Did you know your personality may also dictate how good you are with money? The field of behavioral finance has looked into the way people spend their resources for a long time, and experts have actually determined several “money personality” types.
Knowing yours can be useful for taking a step back and discovering what your relationship with money truly is, and how to improve it so that you can care for your financial independence more.
In this article, we will go through four of the most common money personality types. Keep reading to see which one applies to you.
The big spender loves to buy things. Whether it’s nice cars, new gadgets, or expensive clothing, big spenders feel best not when they accumulate money, but when they use it to accumulate goods they desire.
You can always notice a big spender out and about. They are usually very fashionable and make a huge statement with their appearance alone. The problem is, that the big spender is rarely content with what they bought.
Because if you buy the latest smartphone today, it’s only a matter of time until a newer, better version hits the market. The big spender always looks to have these “new” and “better” items before anyone else. They are not afraid to take huge financial risks and even go into debt if necessary.
For big spenders, creating a budget is key to helping them claim control of their finances. Budgeting can help big spenders still live their luxurious lifestyles while still putting money away for bigger financial goals.
Now think of the opposite of big spenders, and you’ll find the big savers of a group. They are notoriously careful with how they spend their money, sometimes even going to extremes in order to save it. They may turn off the lights when they exit a room, never keep the fridge door open for too long, and avoid using their credit card if it’s not absolutely necessary.
Big savers often come off as “cheap” and almost never indulge themselves; this is because they derive more pleasure from seeing their bank statements than actually purchasing something for themselves.
In terms of investments, big savers are one of the most conservative money personality types, and rarely take risks when investing their money.
Big savers often need more balance in their financial life. Having a better view of cash flow can help them start to enjoy their money (and life) more.
The balanced money manager lives somewhere between big spenders and big savers. They are somewhat financially savvy in that they do know how to take a risk when necessary, but are also quite careful with how they invest their money.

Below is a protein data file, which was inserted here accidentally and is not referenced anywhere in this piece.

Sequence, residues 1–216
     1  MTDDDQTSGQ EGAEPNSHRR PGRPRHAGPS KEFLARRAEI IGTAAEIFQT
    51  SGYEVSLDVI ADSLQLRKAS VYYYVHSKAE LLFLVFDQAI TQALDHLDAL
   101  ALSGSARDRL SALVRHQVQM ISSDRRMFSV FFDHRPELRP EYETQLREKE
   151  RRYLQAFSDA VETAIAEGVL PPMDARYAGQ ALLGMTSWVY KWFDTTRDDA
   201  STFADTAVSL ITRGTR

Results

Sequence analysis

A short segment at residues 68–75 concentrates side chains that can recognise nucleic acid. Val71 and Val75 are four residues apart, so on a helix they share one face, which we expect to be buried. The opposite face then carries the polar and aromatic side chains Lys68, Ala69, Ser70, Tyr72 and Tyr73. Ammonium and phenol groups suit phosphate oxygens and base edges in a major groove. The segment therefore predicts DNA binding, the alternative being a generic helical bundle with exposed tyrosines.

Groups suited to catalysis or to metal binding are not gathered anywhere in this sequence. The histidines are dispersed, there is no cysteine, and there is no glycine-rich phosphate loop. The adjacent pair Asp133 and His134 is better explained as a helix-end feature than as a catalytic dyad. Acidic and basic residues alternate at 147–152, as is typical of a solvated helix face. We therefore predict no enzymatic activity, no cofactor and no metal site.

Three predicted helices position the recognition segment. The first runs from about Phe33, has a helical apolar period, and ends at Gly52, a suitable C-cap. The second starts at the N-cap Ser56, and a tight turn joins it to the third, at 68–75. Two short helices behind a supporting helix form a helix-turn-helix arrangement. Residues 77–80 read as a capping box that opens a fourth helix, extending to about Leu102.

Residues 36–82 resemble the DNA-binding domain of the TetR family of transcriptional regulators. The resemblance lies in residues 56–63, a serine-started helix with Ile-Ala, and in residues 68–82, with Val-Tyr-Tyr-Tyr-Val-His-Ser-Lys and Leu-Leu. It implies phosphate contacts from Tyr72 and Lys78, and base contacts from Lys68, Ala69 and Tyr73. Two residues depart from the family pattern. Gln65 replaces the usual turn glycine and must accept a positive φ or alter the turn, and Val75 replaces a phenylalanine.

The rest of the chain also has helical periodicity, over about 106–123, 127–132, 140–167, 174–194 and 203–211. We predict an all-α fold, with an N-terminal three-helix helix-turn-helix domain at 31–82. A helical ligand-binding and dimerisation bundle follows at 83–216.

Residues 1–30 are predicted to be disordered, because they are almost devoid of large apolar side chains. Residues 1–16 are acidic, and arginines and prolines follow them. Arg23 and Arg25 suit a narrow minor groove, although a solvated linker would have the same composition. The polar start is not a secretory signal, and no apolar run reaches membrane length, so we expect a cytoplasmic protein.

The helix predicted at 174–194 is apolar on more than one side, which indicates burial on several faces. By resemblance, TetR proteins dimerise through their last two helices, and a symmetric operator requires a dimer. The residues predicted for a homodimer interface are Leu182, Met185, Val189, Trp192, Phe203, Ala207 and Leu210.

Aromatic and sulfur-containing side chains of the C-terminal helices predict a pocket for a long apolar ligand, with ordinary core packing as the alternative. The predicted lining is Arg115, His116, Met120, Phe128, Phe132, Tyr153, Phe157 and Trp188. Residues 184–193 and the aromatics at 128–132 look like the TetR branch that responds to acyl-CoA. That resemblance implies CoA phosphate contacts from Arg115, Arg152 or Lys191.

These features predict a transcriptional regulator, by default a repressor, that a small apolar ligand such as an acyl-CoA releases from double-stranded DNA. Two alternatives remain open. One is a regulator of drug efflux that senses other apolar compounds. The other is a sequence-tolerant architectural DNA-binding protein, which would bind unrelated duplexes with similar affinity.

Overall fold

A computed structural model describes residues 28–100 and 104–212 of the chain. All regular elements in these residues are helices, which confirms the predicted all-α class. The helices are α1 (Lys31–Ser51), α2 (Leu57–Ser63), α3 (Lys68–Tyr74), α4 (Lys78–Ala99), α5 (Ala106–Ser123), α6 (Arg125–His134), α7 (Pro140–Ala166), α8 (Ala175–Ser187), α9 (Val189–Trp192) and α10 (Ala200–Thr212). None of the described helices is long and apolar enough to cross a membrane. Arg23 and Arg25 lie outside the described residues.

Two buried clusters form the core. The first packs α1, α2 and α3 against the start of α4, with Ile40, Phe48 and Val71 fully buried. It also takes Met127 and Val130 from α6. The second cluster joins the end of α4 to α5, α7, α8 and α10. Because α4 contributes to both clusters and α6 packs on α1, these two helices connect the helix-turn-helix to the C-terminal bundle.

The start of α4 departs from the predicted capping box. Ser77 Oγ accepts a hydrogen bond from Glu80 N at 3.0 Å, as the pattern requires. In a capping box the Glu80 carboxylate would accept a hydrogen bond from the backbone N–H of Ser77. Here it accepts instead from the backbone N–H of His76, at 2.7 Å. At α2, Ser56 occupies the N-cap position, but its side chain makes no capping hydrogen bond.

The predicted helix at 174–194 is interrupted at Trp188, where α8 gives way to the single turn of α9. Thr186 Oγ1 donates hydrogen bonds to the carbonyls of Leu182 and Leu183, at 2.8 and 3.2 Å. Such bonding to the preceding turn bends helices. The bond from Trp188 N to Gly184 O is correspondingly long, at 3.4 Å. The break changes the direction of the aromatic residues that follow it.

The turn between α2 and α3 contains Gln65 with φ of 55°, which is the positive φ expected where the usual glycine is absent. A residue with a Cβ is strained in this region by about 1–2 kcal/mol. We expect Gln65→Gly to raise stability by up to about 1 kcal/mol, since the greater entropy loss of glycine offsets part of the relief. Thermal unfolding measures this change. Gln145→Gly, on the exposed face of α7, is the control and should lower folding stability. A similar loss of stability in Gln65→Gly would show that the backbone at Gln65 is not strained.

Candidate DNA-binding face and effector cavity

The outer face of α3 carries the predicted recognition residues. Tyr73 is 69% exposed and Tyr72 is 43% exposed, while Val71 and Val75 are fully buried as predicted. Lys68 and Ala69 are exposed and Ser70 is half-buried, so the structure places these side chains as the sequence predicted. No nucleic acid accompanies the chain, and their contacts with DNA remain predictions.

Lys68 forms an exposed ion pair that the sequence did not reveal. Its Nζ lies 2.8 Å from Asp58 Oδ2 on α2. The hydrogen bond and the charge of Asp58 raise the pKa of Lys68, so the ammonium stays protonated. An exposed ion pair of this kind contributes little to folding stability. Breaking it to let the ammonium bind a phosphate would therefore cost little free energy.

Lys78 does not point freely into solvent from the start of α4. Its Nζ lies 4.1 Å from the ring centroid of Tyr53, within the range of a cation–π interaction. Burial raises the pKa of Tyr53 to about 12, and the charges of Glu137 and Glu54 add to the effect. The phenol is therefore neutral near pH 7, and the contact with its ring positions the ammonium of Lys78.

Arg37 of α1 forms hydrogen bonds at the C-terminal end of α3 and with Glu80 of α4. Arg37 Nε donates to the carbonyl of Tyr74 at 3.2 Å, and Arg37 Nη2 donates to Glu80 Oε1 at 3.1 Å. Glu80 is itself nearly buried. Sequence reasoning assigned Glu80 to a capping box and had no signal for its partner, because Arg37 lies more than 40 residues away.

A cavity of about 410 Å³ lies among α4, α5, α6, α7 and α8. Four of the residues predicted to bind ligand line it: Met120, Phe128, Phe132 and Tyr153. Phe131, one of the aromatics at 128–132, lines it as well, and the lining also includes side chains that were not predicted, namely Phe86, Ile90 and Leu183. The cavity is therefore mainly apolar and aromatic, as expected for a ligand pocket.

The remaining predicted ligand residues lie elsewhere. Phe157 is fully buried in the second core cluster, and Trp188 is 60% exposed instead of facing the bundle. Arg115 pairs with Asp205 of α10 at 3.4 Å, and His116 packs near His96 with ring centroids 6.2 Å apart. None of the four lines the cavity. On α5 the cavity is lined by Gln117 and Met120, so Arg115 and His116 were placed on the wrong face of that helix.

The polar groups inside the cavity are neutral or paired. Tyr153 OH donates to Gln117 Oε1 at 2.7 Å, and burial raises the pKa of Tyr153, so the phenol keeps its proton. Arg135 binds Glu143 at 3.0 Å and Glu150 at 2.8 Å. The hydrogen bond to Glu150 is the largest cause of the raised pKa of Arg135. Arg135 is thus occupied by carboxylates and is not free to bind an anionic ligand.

Balanced money managers are, in a sense, “the best of both worlds.” They indulge themselves from time to time but are never wasteful with their money. They like to accumulate funds without living like Ebenezer Scrooge just to see their funds go up.
However, balanced money managers may lead themselves into a false sense of security, specifically because they know they are careful with their money. This can make them prone to splurging on needless things when “times are good.”
Lastly, you have those who simply don’t think about money. “Budgeting” is not in their vocabulary at all - in fact, the simple idea of doing it may make them very uncomfortable.
Sometimes even, the indifferent to money types may have a genuine disgust towards the whole concept of money and financing, thinking of it as “bad” or even “evil.” These individuals focus much of their efforts on removing money out of the way when making important decisions in life, valuing other components of their life such as their well-being a lot more.
While it’s a lovely sentiment, unfortunately in the real world, one cannot take money completely out of the equation. Even if you are indifferent to money or are put off by the entire concept, being responsible with your money is still important to helping you reach your goals.
Those indifferent to money often need to make a little bit of effort to pay more attention to the topic they’d love to avoid.
Being able to organize and control your money is an essential quality to have. But while most people think you need extensive market knowledge and financial literacy in order to do it, many overlook just how much these money personality types influence your spending on a daily basis.
Determining your money personality can provide many insights into what sort of relationship you have with money. From there, you can better build a personal strategy designed to help you reach your financial goals, be it saving money, making better investments, or just making sure you’re secured in your golden years.
It’s important to note that there is no “good” or “bad” money personality. Being a big spender isn’t worse than a big saver - each simply requires different steps to improve financial health.
And no matter what money personality you have, you can do a lot to improve your financial health:
Your money personality isn’t necessarily going to reflect your success (or downfall) when trying to reclaim control over your finances. No matter which personality you have, with the right support and resources you can effectively improve your financial health and reach your goals.
First Financial Bank is here to help get you started, with several types of personal financial services designed to assist all money personality types improve their financial journey.
The information on this page is accurate as of September 2022 and is subject to change. First Financial Bank is not affiliated with any third-parties or third-party websites mentioned above. Any reference to any person, organization, activity, product, and/or service does not constitute or imply an endorsement. By clicking on a third-party link, you acknowledge you are leaving bankatfirst.com. First Financial Bank is not responsible for the content or security of any linked web page. Member FDIC / Equal Housing Lender.
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